Philip Edward Howard
Provides students an understanding of policies that shape national communication processes and systems. Uses comparative analysis to identify both similarities and differences among media structures of nations at different levels of development. Primary emphasis on broadcast media. Offered: jointly with JSIS B 419/POL S 468.
Communication patterns around the world are being reconfigured by digital and social media. Public policy shapes the innovation of new media technologies, the organization of cultural production, and the diffusion of global media. At the same time, public policy makers themselves need communication strategies, because global media can make or break new regulatory ideas and can be a source of feedback on existing public policy. New communication technologies such as blogs, online communities, and social media have an impact on public opinion and traditional print and broadcast media have a changing role in political discourse. Today, digital media has a key role in shaping our economic, political and cultural lives.
The range of phenomena studied across the social and policy sciences is impressive: the global information economy, the organizational behavior of firms, and the dot-com boom; the structure of the world system, the bureaucratic efficiency of states, the international politics of technical standards; cultural production and consumption, intercultural communication, and ownership diversity of digital media systems. The use of new ICTs, such as mobile phones and the internet, is also being studied in different contexts, from small and local organizational field sites such as work places, households, and schools, to large institutions such as states, firms, social movements and justice systems. In addition, there are new social forms of organization in cyberspace, forms of organization that help define and indeed constitute information societies.
We will critically explore the concepts often used in discussions of contemporary international political economy, including “network society”, “digital divide,” and “information society”. We will also review the theories of modernization, dependency, and underdevelopment that have been used to understand the problems and prospects of development. Case studies from around the world will be used wherever possible. Students will have significant freedom to develop their own research interests through a paper on a topic of their own choosing. Through diverse readings, students will also learn about the various methodologies for understanding global media and communication.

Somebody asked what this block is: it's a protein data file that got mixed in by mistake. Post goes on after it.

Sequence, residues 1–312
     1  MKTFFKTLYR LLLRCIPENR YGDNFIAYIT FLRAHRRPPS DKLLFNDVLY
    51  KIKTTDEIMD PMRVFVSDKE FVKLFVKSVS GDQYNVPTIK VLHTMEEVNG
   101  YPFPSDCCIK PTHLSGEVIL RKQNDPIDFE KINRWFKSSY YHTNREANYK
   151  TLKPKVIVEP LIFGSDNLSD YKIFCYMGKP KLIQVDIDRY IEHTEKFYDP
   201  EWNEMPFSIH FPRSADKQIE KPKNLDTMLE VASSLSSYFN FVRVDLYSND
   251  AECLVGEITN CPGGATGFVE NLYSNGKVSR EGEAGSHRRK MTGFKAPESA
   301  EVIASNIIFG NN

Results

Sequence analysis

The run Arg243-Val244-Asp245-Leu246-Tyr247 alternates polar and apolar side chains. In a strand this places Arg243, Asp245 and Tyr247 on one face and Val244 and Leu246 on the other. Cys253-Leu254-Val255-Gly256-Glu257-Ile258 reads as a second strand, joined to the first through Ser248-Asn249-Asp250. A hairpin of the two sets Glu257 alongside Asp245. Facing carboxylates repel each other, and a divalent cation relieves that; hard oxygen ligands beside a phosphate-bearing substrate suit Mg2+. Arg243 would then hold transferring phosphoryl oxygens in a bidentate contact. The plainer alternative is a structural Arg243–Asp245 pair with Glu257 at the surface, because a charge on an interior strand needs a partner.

What is an information society? How do well do these theories—proposed to help explain transitions from agrarian to industrial society and the evolution of late industrial capitalism—help explain the network society, open society or information society? Is e-government a straightforward means of building state capacity and further rationalizing public bureaucracies, or are there signs of a deeper transformation in the institution of the state? What is the role of blogs, wikis and other digital media systems in the culture and news diets of people living in authoritarian regimes? While the role of mobile phones and the internet in democratic movements has been feted from Iqaluit to Indonesia, no political revolution has occurred because of the internet. But today, are democratic transitions possible without it? How has the international high tech sector been structured to limit the types of technology production and consumption in different countries? If there are persistent international institutions for extracting natural resource wealth from poor countries, do these institutions have a similar role in extracting information, innovation, or ingenuity from poor countries?
To cover and debate themes we will use a range of digital video, audio and textual artifacts, including interactive Prezis, discussion boards, and streaming content.
Student learning goals
Goals By the end of the class, student will be able to: • to understand the role of new media communication tools in local, national, and regional development; • to understand core concepts of political economy, media development, and technology diffusion; • to apply the comparative method to the study of media systems. Course learning objectives By the end of the class, student will be able to: • design a small research project and collect data, assess its quality, and manipulate it; • prepare an original, high-impact digital presentation; and • manage real working relationships under tight deadlines.
General method of instruction
Class assignments and grading